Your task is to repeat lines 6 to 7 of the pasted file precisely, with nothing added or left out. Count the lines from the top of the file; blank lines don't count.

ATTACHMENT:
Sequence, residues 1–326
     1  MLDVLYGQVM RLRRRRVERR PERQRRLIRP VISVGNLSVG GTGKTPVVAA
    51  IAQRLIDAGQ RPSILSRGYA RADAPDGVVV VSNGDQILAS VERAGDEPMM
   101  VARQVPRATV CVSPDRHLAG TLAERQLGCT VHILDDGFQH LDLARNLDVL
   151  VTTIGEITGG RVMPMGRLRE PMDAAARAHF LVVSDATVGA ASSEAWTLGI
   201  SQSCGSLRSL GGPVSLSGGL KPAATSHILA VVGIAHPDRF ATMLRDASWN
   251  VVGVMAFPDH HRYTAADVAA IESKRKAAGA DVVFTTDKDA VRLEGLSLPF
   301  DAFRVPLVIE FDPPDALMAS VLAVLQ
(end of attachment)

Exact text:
   201  SQSCGSLRSL GGPVSLSGGL KPAATSHILA VVGIAHPDRF ATMLRDASWN
   251  VVGVMAFPDH HRYTAADVAA IESKRKAAGA DVVFTTDKDA VRLEGLSLPF